Waiting Children in Liberia

After Tuesday’s post, I was contacted by a volunteer for special needs orphans in Liberia.  She asked for help with advocating for some very special little ones who are in need of forever families.

Last night as I was looking at these sweet children and reading through their listings, I admit the first thing that popped into my mind was “There won’t be many families interested in these kids.”   I hate automatically negative thoughts like that, but it’s just reality: their special needs sound scary, there isn’t much information available on them personally, and this isn’t one of the “popular” adoption countries.

I sat there awhile and re-read their profiles.  I was thinking about how we could best advocate for them when a thought came to me: This could have been Benjamin.  This could have been my son’s photolisting.  

I started to imagine what it would have said: ”Two year old boy with multiple special needs.  Microcephaly, Pierre Robin Sequence, cleft palate, cerebral palsy, heart condition, hard of hearing, does not eat by mouth – completely tube fed.  Doesn’t walk, non-verbal.  Then the obligatory, “he is a very sweet and loving little boy who needs a family.”

Then the thought, Who would have looked at his profile twice?  Would I?

If I had not met and fallen in love with my son two years ago would I have dismissed his photolisting?  I’ve looked at many descriptions over the years of kids with far fewer special needs listed and thought they sounded too overwhelming.
I’ve seen those same kids wait for years, being passed over by families time and again. Kids with fewer special needs then my own beloved son.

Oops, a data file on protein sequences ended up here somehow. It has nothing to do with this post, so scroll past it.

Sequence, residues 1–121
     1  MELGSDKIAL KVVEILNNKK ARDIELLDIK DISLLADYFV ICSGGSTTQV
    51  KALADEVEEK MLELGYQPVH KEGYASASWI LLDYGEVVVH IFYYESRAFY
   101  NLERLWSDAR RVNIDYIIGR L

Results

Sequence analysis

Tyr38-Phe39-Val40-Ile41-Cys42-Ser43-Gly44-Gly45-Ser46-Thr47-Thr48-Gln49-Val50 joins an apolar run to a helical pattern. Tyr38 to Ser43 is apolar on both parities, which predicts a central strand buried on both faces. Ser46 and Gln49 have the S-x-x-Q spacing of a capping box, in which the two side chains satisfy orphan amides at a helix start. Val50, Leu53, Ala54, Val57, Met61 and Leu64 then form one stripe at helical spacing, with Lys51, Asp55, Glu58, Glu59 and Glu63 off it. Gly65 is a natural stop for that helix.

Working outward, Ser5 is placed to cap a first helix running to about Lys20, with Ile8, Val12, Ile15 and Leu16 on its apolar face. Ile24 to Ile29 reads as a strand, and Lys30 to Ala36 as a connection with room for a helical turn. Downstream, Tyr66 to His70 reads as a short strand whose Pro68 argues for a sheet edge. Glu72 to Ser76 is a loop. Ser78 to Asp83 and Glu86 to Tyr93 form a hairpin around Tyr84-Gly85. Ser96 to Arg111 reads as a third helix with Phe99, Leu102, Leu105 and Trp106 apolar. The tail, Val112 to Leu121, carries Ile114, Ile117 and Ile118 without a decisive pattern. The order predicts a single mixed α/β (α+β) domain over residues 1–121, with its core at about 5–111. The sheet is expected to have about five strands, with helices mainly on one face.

I sit writing this in tears.  The very thought that we could have missed out on our amazing little boy is overwhelming.  I can’t even begin to explain how much we love and admire him.  His special needs sound scary, I know.  But I hope you can hear this cry that wells up within me, spilling out as a plea to be understood that he is not his special needs!  That isn’t who he IS, but what affects him.  He is an absolute joy to us and to our family and friends. He’s our beautiful, amazingly strong little boy who is chewing up and spitting out developmental milestones that his doctors never dreamed possible.   In less than a year of being with us, he’s progressed further than some doctors thought he would in his entire life.  He will walk, he will talk.  He does and will have a fulfilling life.

These kids are just like my Benjamin. Their special needs sound scary and maybe overwhelming.  But who knows what they’ll be capable of in the right environment?  The pictures below show children who have never been in a modern medical system. They’ve never had the love of a determined and committed family to provide them with what they need to thrive.  These children have so much potential.

Would you please consider them, pray for them, and pass along their information to everyone you know who might be potential parents for special little ones?

The fine print:  These adoptions will be completed by Angels Haven agency in CA.  Fee is $8,500 which does not include homestudy, USCIS, or travel (one parent must spend approximately 2 weeks in-country). No family size requirement.  If you’re thinking that Liberia’s adoption program is closed, you’re right.  But the country is making exceptions for children with special needs and these children are ready for adoptive families to bring them home!  

(I do not work for, nor do I receive compensation from Angels Haven.  Frankly, I know nothing about them, and you should do your own research into this agency before proceeding.)


4 Responses to “Waiting Children in Liberia”

  1. Oh my goodness they are all so precious. There is atleast one that has really stolen my heart! I hope more people come to realize that there is more to these children than the list of special needs. When you have a child in your arms that list means nothing anymore!

  2. Cara Helberg who runs Angels Haven has helped us with all five of our adoptions and is amazing! I highly recommend her.

  3. I would love to talk more to anyone that has used that agency or adopted from Liberia!


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